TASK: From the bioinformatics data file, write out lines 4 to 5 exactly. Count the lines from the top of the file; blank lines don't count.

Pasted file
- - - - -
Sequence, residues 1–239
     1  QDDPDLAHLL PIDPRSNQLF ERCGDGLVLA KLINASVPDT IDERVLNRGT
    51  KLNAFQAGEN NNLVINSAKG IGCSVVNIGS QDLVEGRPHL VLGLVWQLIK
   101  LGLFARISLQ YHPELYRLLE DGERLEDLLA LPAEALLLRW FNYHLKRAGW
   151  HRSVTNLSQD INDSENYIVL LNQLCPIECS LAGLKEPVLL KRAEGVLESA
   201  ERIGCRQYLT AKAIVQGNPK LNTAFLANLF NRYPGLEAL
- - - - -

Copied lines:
   101  LGLFARISLQ YHPELYRLLE DGERLEDLLA LPAEALLLRW FNYHLKRAGW
   151  HRSVTNLSQD INDSENYIVL LNQLCPIECS LAGLKEPVLL KRAEGVLESA